Update 3/16/2014: thanks to everyone who voted for this project in the Game.Life 4 contest!
The motivation for this project came when I combined my Raspberry Pi voice-controlled electrical outlets with a RetroPie. Due to the number of peripherals and cables involved (a powered USB hub, microphone, two USB controllers, breadboard, wireless remote, plus the normal HDMI and power cables for the Pi), this led to a pretty tangled mess of wires that didn't exactly look great sitting in the TV cabinet. So, I wanted to build a nice case to hold everything that looked something like a regular game console - ideally with external connections for the USB devices, an HDMI port, a power switch, and a single power cord (shared by the Pi and the USB hub).
The normal way to do this would be with a custom project box and regular panel mount connectors, like these HDMI and USB ones from Adafruit. To do that, you need to either machine or laser-cut a custom panel to fit all the connectors, and I don't have the means to do so (yet....cough, cough, Full Spectrum Laser contest). I've seen a bunch of cool Raspberry Pi LEGO cases out there - but most of them just enclose the Raspberry Pi itself, without all the extra space for a USB hub and breadboard, or sturdy external panel mount connectors.
Enter Sugru, a self-setting rubber that you can mold by hand, kind of like Play-Doh or modeling clay*. Let it sit for 24 hours and it hardens into a tough, slightly flexible rubber. I'd recently used it for the first time to waterproof a small DC motor for a different project, and realized it would be great for this: build a case out of LEGOs, and use Sugru to firmly seal in the panel mount connections - no machining or lasering required. Rather than using regular panel mount connectors (which have screw terminals that I wouldn't need for this approach), I could use either very short extension cables or female-female couplers to create the panel mounts. The result is a very fun and kid-friendly approach to building a stylish case, without requiring any tools.
So, you could use this idea for ANY project that requires panel mount connections - it doesn't have to be Raspberry Pi-related. I'll just be using my RetroPie "console" as an example since it contains a variety of different connectors (HDMI, USB, barrel jack). I'll also include a power switch (a nice addition since the Pi doesn't have one built in), but that part requires a bit of soldering. It should be pretty easy to adapt the process for any other connections you need for your project (VGA, RCA, pushbuttons, slide switches, etc etc).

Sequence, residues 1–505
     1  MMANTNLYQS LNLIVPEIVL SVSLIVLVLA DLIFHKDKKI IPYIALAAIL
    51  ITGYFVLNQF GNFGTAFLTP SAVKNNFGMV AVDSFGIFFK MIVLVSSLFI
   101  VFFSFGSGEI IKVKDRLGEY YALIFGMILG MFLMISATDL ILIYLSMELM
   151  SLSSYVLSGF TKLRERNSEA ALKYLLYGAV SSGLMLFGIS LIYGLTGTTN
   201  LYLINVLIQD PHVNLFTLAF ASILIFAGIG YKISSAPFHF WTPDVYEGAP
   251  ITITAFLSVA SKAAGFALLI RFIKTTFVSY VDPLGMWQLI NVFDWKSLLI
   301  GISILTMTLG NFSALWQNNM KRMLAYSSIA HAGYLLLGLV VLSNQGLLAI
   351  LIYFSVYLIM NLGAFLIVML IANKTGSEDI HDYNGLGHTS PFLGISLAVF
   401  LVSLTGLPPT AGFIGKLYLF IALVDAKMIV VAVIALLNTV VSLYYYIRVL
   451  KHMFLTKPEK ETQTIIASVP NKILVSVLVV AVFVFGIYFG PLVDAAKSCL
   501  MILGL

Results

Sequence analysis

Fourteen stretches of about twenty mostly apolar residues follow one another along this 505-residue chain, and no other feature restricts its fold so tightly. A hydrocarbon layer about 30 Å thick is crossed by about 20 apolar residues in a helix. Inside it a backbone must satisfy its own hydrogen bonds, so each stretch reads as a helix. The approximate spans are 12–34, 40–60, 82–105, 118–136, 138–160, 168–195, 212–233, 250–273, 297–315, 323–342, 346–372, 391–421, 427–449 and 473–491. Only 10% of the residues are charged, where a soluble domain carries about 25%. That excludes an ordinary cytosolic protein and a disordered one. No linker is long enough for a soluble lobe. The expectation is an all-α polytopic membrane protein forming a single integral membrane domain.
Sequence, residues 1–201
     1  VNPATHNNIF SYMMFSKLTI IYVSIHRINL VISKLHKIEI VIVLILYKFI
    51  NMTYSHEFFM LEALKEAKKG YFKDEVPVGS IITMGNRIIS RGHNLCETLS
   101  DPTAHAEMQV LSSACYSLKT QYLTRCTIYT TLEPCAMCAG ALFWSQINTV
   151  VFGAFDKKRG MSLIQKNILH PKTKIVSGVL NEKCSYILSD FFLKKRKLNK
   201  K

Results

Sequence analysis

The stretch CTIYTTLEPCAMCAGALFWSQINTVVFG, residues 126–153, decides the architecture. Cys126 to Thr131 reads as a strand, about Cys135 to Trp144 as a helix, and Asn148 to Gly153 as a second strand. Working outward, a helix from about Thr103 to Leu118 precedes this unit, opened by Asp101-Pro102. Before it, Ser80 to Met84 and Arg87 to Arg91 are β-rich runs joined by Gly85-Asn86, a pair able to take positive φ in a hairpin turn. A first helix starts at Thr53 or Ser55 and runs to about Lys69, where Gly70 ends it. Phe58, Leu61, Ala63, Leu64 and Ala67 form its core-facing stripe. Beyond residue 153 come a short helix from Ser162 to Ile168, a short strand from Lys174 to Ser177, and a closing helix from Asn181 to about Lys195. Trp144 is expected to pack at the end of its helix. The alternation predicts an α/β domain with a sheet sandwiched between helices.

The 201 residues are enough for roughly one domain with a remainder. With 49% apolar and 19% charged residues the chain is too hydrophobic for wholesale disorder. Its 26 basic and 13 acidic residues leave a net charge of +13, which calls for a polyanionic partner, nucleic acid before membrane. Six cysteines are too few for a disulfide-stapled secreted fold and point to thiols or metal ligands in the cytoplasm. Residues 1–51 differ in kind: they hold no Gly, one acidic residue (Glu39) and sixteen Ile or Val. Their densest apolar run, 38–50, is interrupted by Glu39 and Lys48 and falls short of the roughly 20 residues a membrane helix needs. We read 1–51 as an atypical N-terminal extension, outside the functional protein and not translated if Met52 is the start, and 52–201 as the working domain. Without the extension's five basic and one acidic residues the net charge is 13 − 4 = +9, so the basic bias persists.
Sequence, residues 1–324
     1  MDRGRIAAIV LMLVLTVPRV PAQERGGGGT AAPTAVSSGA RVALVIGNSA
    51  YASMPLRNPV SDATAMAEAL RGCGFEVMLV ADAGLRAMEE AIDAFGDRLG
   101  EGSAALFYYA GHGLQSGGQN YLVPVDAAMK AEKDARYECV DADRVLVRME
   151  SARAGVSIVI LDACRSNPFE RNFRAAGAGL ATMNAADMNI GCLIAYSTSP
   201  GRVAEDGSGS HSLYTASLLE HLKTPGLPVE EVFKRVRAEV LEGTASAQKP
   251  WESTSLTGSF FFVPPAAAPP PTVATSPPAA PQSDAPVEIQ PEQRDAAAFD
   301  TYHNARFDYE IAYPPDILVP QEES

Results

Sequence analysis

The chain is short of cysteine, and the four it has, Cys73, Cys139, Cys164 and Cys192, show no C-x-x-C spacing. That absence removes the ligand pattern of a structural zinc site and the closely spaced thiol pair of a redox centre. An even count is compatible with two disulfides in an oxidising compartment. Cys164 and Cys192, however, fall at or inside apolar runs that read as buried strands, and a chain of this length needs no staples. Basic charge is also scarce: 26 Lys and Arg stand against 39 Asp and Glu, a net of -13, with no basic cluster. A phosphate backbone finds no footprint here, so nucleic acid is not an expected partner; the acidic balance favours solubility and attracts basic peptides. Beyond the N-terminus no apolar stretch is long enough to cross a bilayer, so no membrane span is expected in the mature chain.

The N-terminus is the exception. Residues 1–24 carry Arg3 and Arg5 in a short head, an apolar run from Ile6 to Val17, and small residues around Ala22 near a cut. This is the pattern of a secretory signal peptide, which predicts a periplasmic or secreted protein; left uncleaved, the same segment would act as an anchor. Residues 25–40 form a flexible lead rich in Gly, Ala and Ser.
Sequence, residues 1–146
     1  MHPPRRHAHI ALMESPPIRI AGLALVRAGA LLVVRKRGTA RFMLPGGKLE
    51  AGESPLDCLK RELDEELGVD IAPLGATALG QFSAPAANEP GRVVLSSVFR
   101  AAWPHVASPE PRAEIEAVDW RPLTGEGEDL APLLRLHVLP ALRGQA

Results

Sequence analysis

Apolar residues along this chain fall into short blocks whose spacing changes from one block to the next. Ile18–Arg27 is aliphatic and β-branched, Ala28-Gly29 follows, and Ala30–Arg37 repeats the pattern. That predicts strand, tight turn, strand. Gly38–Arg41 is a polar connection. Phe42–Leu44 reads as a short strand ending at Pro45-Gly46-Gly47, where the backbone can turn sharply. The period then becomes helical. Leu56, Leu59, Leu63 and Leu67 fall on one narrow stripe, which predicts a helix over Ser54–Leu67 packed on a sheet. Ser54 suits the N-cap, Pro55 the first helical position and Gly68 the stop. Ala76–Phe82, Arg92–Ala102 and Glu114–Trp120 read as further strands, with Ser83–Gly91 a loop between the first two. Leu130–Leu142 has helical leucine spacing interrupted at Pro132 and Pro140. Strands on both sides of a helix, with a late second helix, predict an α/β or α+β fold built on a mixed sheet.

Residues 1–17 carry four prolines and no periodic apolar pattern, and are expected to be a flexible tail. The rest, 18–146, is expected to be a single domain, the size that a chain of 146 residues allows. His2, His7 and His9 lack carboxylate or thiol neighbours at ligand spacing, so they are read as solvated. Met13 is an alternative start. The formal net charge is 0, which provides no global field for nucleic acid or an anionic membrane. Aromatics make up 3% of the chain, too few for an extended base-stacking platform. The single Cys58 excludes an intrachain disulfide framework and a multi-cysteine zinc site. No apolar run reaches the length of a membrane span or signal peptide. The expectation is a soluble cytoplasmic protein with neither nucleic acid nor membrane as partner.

*Sugru has an Instructables account where they post their own projects that use Sugru. I am in no way affiliated with the company, nor is this an endorsement of the product. I first found out about Sugru when I won a couple packets as a prize in a different contest, and decided this would be a cool use for it. If you know of a different, cheaper, or better material to use, please mention it in the comments below (for example, I'm curious if plain old modeling clay would work, but my hunch is that it would be too brittle once dried).
Step 1: Materials
Materials - here are the materials required to build the panel mount connectors only. I'll assume you already have your own electronics project that you need to build a case for at this point. If you need different types of connectors (e.g. VGA), you'll have to get the appropriate type of extension cable or female-female coupler.
Step 2: Dry run with LEGOs
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Sugru has a working time of about 30 minutes. That means that you need to plan your LEGO build out in advance - don't open all the Sugru, then panic as you try to assemble your whole case in half an hour! You should already have an idea of how many and what kind of ports you need for your project. The next thing to decide is how you want them to be arranged. Do you want to build a somewhat permanent case out of LEGOs with multiple ports built into the same walls? There's nothing wrong with that, but I decided to opt for a more modular approach - I built an individual box around each port. While the end result is a little bulkier than it could have been, it means I can swap ports out or move them around if I ever decide to do a different project in the future.